The Treasury Bills in Sri Lanka, where the Government of Sri Lanka issues Debt instruments to borrow directly from potential savers/investors, is the most visible example of this disintermediation process. In terms of returns, the Treasury Bills which are free from credit/default risk currently yield approx. 18% per annum. Compare that with approx. 6% or 7% yield for one-year saving deposit with a bank (which is a higher risk than Treasury Bills). So why not invest in Treasury Bills or Repurchase agreements (backed by Treasury Bills)? You, the saver, have a right to demand from your bank your desire to invest in Treasury Bills.
Similarly, there are other capital market debt instruments issued by Private Companies that one can find which would give a higher return for assuming a higher risk than that of the Government. Look for a rating given by one of the two Rating Agencies to avoid very high risk instruments or seek advise from a financial professional when unsure.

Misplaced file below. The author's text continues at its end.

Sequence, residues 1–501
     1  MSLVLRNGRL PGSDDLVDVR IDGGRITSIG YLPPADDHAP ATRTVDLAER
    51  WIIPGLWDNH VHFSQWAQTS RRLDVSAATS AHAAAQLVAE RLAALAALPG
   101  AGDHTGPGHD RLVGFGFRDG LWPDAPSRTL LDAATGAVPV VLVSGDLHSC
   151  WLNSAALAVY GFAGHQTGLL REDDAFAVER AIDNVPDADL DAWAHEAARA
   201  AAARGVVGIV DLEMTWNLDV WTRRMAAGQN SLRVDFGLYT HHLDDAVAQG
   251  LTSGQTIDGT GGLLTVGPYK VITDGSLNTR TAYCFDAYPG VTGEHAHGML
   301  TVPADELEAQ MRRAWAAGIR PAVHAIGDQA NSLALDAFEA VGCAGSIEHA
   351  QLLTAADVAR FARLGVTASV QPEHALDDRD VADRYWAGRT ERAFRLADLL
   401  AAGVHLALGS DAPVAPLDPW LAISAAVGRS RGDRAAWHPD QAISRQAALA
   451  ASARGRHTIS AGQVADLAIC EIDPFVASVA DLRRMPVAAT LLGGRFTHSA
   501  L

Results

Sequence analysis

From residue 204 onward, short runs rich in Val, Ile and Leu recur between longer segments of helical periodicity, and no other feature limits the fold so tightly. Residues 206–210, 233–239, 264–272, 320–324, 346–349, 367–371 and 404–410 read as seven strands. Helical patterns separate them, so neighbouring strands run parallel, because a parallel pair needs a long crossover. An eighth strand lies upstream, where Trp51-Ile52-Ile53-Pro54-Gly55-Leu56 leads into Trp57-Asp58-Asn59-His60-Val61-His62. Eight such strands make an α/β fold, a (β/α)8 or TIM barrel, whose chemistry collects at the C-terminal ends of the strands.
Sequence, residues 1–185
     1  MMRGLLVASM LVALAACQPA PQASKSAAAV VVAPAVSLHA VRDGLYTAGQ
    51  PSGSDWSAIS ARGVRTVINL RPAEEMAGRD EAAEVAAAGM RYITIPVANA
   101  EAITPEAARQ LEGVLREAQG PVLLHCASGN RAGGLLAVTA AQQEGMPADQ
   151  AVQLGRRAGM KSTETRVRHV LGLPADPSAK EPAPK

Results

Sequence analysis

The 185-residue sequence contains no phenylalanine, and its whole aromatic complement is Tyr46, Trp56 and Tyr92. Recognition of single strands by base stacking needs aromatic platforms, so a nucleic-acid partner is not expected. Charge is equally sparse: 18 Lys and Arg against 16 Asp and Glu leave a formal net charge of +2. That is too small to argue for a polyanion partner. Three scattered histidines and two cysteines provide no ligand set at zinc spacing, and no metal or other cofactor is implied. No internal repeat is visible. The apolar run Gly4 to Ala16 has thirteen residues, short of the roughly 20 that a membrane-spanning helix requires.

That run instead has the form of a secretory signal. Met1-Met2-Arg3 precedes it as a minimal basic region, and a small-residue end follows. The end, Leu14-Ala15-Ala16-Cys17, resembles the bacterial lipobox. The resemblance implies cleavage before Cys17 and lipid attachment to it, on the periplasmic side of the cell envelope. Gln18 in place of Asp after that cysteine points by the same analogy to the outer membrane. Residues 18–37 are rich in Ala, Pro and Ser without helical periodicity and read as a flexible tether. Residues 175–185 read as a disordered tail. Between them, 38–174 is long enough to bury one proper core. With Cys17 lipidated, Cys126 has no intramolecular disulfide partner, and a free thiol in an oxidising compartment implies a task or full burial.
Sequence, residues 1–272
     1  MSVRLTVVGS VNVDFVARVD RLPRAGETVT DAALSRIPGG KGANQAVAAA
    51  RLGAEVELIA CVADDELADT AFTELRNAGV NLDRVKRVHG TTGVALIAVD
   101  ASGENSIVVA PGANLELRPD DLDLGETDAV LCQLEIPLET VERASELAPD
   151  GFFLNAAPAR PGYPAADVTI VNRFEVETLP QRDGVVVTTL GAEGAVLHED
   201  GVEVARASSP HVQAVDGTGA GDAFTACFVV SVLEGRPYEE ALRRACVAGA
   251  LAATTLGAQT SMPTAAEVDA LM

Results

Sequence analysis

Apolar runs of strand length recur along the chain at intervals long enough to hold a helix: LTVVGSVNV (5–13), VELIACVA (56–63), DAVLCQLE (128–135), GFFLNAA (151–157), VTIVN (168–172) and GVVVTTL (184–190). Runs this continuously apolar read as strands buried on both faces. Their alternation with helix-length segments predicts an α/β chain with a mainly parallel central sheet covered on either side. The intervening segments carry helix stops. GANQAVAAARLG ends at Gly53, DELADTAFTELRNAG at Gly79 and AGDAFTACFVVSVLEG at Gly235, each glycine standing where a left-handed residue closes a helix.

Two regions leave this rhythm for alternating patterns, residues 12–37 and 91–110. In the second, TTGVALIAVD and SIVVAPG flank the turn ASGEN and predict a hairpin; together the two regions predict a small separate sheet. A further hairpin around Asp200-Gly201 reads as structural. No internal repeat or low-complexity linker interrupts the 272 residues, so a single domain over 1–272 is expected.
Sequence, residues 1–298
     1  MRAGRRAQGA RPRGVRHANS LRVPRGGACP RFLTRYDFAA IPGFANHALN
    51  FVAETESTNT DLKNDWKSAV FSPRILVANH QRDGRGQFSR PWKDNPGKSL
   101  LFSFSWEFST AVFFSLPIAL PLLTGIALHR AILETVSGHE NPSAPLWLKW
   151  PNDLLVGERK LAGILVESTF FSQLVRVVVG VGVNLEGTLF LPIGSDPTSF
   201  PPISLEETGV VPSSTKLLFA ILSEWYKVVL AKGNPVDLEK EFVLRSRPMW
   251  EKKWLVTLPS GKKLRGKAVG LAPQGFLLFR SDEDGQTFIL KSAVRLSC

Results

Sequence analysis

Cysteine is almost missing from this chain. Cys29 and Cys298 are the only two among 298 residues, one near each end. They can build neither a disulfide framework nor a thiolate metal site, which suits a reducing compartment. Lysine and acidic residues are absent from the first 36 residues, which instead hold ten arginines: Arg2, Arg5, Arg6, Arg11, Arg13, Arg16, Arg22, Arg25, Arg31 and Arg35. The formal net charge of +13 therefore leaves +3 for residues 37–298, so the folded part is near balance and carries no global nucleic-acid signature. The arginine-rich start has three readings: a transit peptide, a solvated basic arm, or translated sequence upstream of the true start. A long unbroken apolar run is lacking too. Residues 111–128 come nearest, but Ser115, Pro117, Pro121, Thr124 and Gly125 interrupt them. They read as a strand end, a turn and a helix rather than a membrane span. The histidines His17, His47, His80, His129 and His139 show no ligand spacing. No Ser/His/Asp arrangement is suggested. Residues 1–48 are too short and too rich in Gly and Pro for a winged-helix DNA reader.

And just like any other product or service you intend purchasing, compare returns you are offered by financial institutions which carry similar risks or financial products which carry similar risks. Make sure you compare oranges with oranges. With Government Treasury bills, you have no comparison as all other institutions (ie all commercial banks) and debt instruments are of higher risk.